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Understanding Iowa's laws on the mistreatment of animals

New rules passed just last year help define what mistreatment means and how it's addressed.

DES MOINES, Iowa — The video, for many, was shocking.  Images of a dog named "Echo" whose owner had been caught on tape dragging the dog by the collar, throwing things at him, and kicking him.

It took nearly a week for the owner to eventually agree to give the dog back to the breeder.

To understand the process, we need to take step and consider two things.

"One, did this person commit a crime under the definition under law? And two, what do we do with the animal?", said Colin Grace, the director of legal and legislative services for the Animal Rescue League of Iowa.

So, first, what kind of crimes are we talking about?

"There's three available charges: neglect, abuse, and torture," said Grace.

The laws dealing with the mistreatment of animals are just about a year old.  And that can pose some challenges, according to legal experts.

"I would argue there probably is some ambiguity in there. And part of that reason is that Iowa's law just changed last year, and so it hasn't really been tested too much under this new series of definitions and regulations that we have when it comes to animal cruelty and neglect and abuse," said Jennifer Zwagerman, director of the Drake Agricultural Law Center.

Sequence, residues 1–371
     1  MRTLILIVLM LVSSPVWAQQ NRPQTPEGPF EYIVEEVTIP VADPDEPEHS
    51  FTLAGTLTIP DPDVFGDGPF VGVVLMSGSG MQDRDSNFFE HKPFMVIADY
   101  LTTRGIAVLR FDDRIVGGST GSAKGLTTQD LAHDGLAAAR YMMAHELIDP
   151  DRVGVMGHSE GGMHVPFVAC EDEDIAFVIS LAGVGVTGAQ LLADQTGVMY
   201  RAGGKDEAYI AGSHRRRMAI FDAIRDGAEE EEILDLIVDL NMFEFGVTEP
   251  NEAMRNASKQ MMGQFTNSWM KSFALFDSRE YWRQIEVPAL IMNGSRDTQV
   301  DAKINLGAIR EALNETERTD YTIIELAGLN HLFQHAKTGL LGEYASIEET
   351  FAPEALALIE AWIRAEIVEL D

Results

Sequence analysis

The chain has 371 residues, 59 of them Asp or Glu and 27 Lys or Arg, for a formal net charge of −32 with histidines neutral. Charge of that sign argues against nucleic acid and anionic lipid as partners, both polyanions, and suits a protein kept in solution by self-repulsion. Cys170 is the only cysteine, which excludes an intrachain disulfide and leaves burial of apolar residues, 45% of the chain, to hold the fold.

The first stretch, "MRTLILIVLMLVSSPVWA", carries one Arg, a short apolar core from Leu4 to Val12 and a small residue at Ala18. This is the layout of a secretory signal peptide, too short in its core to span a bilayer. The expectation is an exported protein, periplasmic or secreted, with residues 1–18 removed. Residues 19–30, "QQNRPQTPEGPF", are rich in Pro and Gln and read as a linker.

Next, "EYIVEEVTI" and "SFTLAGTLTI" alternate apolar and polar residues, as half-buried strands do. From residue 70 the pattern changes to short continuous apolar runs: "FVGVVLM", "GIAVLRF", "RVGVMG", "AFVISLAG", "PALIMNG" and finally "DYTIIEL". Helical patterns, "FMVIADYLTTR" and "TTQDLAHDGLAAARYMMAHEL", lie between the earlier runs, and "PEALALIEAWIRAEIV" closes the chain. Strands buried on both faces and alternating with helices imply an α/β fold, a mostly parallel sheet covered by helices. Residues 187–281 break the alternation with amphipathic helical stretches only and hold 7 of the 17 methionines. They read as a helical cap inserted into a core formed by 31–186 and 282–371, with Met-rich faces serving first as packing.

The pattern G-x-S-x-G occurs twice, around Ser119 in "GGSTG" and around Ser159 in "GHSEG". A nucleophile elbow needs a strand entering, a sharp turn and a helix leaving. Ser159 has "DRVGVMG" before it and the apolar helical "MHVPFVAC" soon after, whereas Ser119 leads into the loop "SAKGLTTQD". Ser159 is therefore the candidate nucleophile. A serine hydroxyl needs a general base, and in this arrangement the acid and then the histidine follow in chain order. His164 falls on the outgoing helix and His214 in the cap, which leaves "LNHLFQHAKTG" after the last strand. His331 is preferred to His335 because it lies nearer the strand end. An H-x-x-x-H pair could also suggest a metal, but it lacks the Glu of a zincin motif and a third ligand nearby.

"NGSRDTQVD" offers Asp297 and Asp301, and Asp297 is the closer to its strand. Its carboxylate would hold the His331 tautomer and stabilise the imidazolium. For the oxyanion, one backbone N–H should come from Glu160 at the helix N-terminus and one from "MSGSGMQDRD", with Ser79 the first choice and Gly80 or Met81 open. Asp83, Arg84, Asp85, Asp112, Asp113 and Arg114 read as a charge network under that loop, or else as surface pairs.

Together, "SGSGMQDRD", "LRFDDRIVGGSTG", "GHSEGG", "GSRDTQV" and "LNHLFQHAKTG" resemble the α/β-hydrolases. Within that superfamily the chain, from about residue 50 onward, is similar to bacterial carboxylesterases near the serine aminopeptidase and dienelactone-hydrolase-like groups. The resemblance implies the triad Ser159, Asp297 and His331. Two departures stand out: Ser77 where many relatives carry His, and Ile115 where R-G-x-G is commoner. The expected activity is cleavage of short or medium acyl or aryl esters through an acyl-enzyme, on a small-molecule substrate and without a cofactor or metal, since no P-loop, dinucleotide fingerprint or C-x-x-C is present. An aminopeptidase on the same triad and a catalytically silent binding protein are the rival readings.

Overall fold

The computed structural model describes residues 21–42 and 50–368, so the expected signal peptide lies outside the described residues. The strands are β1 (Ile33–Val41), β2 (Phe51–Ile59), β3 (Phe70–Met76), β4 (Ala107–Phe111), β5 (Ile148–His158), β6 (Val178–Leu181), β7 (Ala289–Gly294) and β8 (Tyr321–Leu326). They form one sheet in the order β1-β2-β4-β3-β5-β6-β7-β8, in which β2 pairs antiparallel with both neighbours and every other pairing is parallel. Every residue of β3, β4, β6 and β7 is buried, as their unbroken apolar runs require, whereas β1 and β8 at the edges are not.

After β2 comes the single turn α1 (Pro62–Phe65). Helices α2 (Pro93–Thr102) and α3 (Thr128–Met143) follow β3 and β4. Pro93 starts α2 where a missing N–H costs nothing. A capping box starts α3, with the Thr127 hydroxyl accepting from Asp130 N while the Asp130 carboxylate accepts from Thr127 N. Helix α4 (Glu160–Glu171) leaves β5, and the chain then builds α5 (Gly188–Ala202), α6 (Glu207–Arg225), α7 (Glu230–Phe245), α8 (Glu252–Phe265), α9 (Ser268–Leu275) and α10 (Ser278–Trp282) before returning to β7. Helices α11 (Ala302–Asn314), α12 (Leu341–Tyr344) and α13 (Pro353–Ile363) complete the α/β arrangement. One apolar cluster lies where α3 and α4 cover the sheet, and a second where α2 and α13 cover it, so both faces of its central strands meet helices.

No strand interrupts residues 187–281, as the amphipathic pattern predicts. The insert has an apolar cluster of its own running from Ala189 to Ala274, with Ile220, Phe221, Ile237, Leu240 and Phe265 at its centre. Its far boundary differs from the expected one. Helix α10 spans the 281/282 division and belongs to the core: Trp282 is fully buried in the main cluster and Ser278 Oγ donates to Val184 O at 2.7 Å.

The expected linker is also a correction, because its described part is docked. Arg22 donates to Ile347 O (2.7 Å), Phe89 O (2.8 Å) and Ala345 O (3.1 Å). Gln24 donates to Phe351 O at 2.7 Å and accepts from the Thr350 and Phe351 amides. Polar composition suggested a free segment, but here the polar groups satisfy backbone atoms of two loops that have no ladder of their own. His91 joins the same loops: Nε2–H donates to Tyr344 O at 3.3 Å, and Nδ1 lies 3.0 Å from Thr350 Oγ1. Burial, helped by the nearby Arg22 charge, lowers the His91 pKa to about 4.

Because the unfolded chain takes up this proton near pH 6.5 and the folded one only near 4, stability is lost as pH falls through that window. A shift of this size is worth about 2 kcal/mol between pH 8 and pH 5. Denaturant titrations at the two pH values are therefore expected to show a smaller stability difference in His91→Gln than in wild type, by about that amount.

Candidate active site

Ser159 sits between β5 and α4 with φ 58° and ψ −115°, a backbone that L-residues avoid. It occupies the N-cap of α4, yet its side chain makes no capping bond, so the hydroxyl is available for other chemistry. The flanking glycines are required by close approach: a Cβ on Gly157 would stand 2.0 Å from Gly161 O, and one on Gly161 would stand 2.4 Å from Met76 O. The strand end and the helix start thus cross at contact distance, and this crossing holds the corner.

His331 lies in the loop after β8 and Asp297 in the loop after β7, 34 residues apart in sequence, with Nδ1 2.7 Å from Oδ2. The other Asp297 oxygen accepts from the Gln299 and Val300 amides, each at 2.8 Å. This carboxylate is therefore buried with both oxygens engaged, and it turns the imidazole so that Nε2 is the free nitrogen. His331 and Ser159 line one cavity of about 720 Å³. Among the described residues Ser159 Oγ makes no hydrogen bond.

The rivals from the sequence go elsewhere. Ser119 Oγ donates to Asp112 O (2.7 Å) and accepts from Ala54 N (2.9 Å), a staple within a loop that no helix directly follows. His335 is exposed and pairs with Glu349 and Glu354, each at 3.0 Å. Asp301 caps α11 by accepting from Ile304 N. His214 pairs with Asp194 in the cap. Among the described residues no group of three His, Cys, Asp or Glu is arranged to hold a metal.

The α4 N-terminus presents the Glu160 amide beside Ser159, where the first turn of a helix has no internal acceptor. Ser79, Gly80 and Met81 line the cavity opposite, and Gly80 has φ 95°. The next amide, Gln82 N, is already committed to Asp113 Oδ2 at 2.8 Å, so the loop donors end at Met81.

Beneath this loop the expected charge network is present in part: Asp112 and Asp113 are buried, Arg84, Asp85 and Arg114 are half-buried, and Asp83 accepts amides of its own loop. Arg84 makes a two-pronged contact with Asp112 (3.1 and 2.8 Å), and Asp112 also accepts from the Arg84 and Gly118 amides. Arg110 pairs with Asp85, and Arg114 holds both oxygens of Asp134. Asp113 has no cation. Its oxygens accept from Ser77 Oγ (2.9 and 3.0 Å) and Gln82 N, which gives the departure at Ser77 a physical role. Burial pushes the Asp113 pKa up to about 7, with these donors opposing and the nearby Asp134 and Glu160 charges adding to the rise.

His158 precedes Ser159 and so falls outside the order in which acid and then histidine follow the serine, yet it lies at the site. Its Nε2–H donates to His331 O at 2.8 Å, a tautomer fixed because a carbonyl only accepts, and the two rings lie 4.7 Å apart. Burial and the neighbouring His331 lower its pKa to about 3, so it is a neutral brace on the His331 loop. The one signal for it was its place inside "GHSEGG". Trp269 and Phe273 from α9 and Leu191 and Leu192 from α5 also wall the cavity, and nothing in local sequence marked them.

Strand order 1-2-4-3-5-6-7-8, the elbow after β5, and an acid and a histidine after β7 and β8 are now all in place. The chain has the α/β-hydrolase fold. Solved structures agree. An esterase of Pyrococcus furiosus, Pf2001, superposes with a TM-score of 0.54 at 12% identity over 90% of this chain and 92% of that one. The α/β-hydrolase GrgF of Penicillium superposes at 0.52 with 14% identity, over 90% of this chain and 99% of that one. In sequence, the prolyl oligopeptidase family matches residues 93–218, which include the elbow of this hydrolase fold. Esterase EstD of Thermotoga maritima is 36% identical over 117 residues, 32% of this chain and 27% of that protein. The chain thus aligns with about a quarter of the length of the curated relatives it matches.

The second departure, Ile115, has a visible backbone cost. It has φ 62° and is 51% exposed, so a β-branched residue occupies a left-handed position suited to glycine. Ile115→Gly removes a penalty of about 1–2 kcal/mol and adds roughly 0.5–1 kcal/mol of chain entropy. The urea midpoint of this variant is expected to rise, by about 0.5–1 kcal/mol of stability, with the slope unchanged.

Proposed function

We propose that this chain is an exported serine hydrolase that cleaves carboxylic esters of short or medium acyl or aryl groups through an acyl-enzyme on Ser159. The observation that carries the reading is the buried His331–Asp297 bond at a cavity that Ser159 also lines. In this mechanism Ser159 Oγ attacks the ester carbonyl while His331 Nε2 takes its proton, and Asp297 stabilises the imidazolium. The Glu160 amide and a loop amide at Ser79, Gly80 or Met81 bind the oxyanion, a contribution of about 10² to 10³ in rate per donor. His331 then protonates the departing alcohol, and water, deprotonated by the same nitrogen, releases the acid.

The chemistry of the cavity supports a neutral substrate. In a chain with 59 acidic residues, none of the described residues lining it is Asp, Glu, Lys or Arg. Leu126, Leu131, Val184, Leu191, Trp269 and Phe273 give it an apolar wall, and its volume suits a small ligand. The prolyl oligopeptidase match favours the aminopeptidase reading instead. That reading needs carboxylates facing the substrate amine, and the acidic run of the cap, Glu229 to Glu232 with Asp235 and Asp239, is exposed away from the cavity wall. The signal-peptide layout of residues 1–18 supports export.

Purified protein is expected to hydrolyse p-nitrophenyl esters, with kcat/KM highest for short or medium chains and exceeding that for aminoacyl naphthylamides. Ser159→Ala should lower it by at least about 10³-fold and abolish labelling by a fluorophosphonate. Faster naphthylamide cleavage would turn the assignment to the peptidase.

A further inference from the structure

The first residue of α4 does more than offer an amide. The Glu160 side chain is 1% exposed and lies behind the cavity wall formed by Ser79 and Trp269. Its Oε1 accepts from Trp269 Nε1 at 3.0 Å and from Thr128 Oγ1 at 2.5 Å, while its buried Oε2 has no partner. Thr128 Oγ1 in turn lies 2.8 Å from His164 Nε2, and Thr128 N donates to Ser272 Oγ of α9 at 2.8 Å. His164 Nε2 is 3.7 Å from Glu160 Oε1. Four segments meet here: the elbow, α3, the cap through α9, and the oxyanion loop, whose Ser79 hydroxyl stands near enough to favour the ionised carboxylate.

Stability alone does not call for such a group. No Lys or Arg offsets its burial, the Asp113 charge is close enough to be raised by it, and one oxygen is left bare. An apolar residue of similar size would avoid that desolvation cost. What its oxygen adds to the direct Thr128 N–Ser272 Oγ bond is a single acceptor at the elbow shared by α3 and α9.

She also says that how local authorities proceed when they get reports that might violate these laws can vary.

"Particularly, different jurisdictions in different cities and different towns are all going to have different resources available to them," said Zwagerman.

Grace said there's also process to deal with an animal who might be the victim of a crime. 

"That is the disposition process. That's a civil hearing.  And you file that. And the court is asking basically the same question: was this animal abused, neglected or tortured?  And if so, the court has the authority to then take the animal out of that home and place it somewhere else where the animals welfare will be provided," said Grace.

That hearing can take up to 10 days to happen, according the Iowa code addressing dispositional proceedings.

As far as an eventual resolution, it's not always what the public wants or expects.

"Often times the resolution doesn't look like charges being filed, or legal proceedings being initiated," said Grace.

Zwagerman says the investigation may reveal details not apparent on the surface.

"That's why you want somebody to do the investigation before we see animals taken away or or things along those lines, so that we make sure that is the need that's really the best interest for the animal, as well as as for those involved," she said.

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